Mali, West Africa
Mali is a sub-Saharan landlocked country that is located on the west side of Africa. Geographically, Mali is one of the largest countries on the continent1 but it hosts a relatively low total population of approximately 17.9 million2. Since its decolonization from France in 1960, Mali has suffered hardships from extreme weather conditions, political unrest, and prolonged rule by a military dictatorship1. Extreme poverty and famine, predominantly the widespread famine which struck during the 1980s3, has had a lasting effect on Malians. Today, Mali is one of the least developed countries in the world4. Its traditional economy is primarily dominated by agriculture and many agrarian ethnic communities can be found along the banks of the meandering Niger River5. The communities that are partnered with HATN are located a short distance northeast of the country’s capital, Bamako.
VIDEO! HATN in Mali
Access to an improved water source has increased for many in Mali in recent years, although 1 in four people still suffer from water insecurity6. Those four million people primarily live in rural areas where 50% have no access to improved water sources7. Like many places suffering from water insecurity, a lack of a reliable source nearby for rural villages in Mali often means that women and children have to spend long and treacherous hours searching for water through harsh and uncooperative terrain.
Water scarcity often forces those affected to resort to drinking water that is high-risk. High-risk water refers to water that it is hazardous and possesses a strong potential to cause negative health effects. This implies the water is of poor quality and contains either chemical or biological contaminants, or both. Indeed, poor water quality and inadequate sanitation has historically resulted in Guinea Worm posing a significant threat for many Malians8. However, international support has begun to materialize and create lasting health benefits for the people of Mali. Amazingly, for over two years (prior to January 2018), Mali has not recorded a single human case of Guinea Worm9. Despite this significant milestone, in 2016 the World Bank reported that, in Mali, one in ten children die before their fifth birthday10. Some charities have been reported to note that this is a direct result of water scarcity and water-related disease11.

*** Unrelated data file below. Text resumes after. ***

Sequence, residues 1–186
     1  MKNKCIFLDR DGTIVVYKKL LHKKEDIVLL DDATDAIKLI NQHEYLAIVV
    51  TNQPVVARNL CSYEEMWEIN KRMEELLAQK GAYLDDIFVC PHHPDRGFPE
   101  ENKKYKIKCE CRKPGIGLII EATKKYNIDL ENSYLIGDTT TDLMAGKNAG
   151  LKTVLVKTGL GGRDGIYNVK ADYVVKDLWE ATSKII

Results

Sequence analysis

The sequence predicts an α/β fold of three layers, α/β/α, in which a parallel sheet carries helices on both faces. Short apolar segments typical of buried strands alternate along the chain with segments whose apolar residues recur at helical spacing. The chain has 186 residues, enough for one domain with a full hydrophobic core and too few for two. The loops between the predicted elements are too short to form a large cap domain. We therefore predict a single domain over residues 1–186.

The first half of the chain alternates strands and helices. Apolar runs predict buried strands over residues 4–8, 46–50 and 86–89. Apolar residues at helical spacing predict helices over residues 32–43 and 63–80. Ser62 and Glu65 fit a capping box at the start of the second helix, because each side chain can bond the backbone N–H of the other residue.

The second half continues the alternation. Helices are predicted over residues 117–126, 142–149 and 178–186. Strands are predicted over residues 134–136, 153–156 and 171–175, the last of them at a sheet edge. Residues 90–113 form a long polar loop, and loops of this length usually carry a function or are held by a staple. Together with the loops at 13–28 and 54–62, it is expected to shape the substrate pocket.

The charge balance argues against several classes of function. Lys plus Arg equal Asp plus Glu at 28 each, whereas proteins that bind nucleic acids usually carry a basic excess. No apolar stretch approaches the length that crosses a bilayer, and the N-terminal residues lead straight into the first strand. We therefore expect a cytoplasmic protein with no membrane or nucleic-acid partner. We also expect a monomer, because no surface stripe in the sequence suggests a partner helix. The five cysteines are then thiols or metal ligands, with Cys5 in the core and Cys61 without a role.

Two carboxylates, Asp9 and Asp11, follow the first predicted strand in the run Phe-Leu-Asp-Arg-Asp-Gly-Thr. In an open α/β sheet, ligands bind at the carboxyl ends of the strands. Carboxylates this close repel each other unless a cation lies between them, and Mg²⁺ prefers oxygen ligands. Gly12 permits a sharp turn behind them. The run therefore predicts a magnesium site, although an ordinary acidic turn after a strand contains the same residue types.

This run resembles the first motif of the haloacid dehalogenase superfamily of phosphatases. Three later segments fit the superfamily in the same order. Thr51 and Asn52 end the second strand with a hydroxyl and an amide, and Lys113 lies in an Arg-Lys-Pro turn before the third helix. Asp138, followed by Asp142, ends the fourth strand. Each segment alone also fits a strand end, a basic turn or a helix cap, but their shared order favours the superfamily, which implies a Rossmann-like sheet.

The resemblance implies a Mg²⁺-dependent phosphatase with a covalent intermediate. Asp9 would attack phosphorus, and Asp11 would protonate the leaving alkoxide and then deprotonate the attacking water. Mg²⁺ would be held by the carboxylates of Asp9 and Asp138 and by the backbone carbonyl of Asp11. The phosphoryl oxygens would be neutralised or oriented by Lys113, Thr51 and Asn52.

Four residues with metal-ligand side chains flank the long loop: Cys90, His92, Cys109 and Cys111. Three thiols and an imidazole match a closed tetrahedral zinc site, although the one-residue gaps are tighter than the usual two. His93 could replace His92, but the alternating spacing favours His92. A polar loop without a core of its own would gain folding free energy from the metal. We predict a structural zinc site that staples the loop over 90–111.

With part of the country stretching far into the Sahara Desert, Malians and agencies supporting Mali must be diligent and innovative with respect to managing its limited water resources. It is clear that the effects of the Global Water Crisis are felt strongly in Mali. Studies have suggested that providing water and sanitation for those who do not have it in Mali is the best way to expedite development and improve quality of life7. HATN concurs with this contention, but asserts that health and education are also vital complements.
The widespread deprivation of basic needs in Mali has impeded the country’s ability to provide adequate healthcare. It has been reported that a large proportion of healthcare funding is provided to Mali through foreign aid12. Such a dependency is unfavorable and threatens the country’s ability to grow and develop sustainably and autonomously. The high number of small communities that are roughly interconnected makes it difficult to strategically locate communal medical facilities within a reachable proximity, especially since communities are often sparsely distributed across the vast landscape. Even upon arrival to a health center, many Malians find that the medical facilities lack the necessary supplies, medications, or personnel to receive proper treatment12.